Doing well while doing good by Ben WerdmüllerBen Werdmüller

By now, the adage that "if you're not the customer, you're the product being sold" is pretty old hat. But it remains the case that everyone has to eat and pay for a roof over their heads, and that businesses need to make a profit. Software isn't made by magical elves who can live without being paid. Nothing is actually free. If a service isn't making enough money up-front, they have to make up the difference through other means, whether it's by placing invasive advertising, selling user datasets, making "data partnerships", or all of the above.

Arguably revenue won't be enough to stop them in itself: where profit can be made, it will be. We need strong legislative consumer protections to prevent this kind of user betrayal. But once the industry has cleaned up its act, sustainable revenue practices will need to be in place to support the services we use every day.

A micro.blog subscription is $60/year. For A fee, could Facebook or Twitter build a viable business around their current service if they removed all reliance on data mining and advertising? In other-words, if these companies addressed all the privacy issues that most people complain about, if they moderated (a.k.a. censored) all the content, if they removed the manipulative algorithms, would the general public be willing to pay for the service? Or does the general public want something for nothing?

Cory Doctorow: Zuck’s Empire of Oily Rags (Locus Online)

Privacy advocates tried to explain that persuasion was just the tip of the iceberg. Commercial databases were juicy targets for spies and identity thieves, to say nothing of blackmail for people whose data-trails revealed socially risky sexual practices, religious beliefs, or political views.

Now we’re living through the techlash, and finally people are coming back to the privacy advocates, saying we were right all along; given enough surveillance, companies can sell us anything: Brexit, Trump, ethnic cleansing in Myanmar, and successful election bids for absolute bastards like Turkey’s Erdogan and Hungary’s Orban.

It’s great that the privacy-matters message is finally reaching a wider audience, and it’s exciting to think that we’re approaching a tipping point for indifference to privacy and surveillance.

But while the acknowledgment of the problem of Big Tech is most welcome, I am worried that the diagnosis is wrong.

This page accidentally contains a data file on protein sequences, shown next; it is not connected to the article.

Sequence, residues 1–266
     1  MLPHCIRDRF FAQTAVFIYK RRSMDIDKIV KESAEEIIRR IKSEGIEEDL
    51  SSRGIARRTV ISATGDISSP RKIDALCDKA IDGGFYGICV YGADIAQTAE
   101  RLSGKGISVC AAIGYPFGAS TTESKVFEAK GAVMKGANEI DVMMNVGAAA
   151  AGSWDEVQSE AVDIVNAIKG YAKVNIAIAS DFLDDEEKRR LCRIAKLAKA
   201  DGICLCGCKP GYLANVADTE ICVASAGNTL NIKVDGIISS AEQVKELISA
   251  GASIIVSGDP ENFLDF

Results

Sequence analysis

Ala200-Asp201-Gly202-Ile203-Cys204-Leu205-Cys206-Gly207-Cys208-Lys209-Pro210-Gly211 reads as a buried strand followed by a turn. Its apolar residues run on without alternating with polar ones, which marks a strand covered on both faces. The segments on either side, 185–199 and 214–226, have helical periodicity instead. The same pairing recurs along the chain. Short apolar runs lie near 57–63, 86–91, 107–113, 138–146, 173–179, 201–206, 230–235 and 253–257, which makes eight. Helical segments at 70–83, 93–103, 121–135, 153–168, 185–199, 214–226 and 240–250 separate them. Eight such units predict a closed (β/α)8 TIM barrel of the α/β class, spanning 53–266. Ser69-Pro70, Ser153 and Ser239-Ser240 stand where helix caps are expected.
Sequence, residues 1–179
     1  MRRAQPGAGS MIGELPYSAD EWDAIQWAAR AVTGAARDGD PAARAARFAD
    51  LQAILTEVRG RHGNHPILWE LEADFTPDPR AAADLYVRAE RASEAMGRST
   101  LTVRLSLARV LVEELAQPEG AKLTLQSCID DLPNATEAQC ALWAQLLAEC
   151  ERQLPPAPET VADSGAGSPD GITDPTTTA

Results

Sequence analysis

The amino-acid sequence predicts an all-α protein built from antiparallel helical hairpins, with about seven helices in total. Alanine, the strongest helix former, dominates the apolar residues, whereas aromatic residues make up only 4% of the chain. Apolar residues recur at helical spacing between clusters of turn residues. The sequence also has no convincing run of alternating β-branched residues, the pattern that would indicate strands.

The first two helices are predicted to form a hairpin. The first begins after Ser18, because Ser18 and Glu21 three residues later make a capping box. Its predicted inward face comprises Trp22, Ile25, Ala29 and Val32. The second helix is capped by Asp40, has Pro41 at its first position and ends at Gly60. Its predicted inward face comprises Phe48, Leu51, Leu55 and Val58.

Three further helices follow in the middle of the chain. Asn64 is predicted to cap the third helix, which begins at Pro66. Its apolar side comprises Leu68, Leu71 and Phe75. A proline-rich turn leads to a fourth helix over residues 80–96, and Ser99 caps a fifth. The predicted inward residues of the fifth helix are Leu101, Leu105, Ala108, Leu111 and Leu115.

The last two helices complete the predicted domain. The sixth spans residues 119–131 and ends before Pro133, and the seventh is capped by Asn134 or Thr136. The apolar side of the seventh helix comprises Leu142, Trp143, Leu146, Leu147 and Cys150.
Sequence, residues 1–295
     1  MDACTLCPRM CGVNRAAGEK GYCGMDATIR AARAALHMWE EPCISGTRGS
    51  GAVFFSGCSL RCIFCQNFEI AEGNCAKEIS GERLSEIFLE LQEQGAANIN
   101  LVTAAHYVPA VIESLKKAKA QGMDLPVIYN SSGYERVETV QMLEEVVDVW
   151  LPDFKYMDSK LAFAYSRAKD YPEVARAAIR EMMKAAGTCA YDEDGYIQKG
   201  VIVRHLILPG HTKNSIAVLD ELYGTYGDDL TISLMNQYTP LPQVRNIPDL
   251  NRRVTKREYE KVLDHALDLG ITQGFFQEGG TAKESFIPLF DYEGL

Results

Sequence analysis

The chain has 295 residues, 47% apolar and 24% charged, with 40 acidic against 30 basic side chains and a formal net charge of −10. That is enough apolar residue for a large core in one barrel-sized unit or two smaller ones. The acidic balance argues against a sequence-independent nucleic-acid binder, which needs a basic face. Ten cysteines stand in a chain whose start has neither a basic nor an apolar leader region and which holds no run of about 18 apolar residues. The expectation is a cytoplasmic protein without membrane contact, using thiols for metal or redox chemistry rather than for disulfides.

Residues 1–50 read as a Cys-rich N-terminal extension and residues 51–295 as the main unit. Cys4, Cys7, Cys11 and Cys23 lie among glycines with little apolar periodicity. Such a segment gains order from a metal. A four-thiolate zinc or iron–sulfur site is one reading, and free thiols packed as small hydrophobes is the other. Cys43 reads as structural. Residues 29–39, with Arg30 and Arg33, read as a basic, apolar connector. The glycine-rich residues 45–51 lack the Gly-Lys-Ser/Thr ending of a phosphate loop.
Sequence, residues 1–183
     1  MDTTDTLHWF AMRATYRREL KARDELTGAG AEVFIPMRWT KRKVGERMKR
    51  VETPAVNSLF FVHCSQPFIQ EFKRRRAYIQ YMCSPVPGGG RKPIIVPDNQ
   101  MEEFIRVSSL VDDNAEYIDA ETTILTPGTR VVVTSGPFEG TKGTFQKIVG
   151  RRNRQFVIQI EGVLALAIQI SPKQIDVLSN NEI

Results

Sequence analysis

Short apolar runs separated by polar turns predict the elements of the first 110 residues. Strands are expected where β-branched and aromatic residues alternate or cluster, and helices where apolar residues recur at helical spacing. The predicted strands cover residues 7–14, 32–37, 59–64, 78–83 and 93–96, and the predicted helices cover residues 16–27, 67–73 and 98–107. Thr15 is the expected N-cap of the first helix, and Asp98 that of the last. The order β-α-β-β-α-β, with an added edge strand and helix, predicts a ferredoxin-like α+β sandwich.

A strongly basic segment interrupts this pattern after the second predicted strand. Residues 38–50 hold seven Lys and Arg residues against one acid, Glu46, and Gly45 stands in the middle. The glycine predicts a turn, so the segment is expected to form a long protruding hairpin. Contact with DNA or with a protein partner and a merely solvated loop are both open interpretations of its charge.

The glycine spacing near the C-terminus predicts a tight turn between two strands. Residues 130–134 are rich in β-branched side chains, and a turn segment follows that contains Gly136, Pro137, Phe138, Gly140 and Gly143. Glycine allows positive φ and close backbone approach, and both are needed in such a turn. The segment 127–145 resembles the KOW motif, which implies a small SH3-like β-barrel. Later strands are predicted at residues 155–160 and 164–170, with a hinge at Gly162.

The problem is that we’re confusing automated persuasion with automated targeting. Laughable lies about Brexit, Mexican rapists, and creeping Sharia law didn’t convince otherwise sensible people that up was down and the sky was green.

Rather, the sophisticated targeting systems available through Facebook, Google, Twitter, and other Big Tech ad platforms made it easy to find the racist, xenophobic, fearful, angry people who wanted to believe that foreigners were destroying their country while being bankrolled by George Soros.

Will Antitrust Action Against Big Tech Resolve Anything? (Reason.com)

... the U.S. antitrust approach places the consumer at the center of the analysis. We don't punish businesses because they have been exceptional at meeting consumer demand. Rather, the government steps in if a business engages in anti-competitive activities that harm customers, like obliterating the competition with low prices before jacking them up on consumers that have no other option—classic monopolistic behavior.

Doesn't that just make sense? Consider the alternative. The government could break up or limit any firm that is simply a great competitor. Consumers are actually served well by this giant. But their competitors of course will grumble for their nemesis to be taken down a few pegs.

In this conception of antitrust, the government essentially protects the bottom lines of competitors who can't keep up. Before U.S. courts settled on the economics-grounded consumer welfare standard that has guided U.S. antitrust for decades, trust-busting activities were often little more than handouts to interest groups.

Not only would court cases counterintuitively seek to keep prices high, to the detriment of consumers, judges worked a host of non-antitrust hobbyhorses into their decisions. Maybe one judge had a particular fondness for "social equality." The antitrust decisions he handed down might have aimed for that totally unrelated, arguably impossible outcome.

The European approach to antitrust is more like the muddled U.S. approach before it settled on the consumer welfare standard. Some in the U.S. would like our antitrust posture to be more like Europe's, but at least for now, it is limited to the scribblings of theorists in the land of the free.

With that crash course in antitrust theory under our belt, we can now ask: What will the U.S. do about Facebook and Google?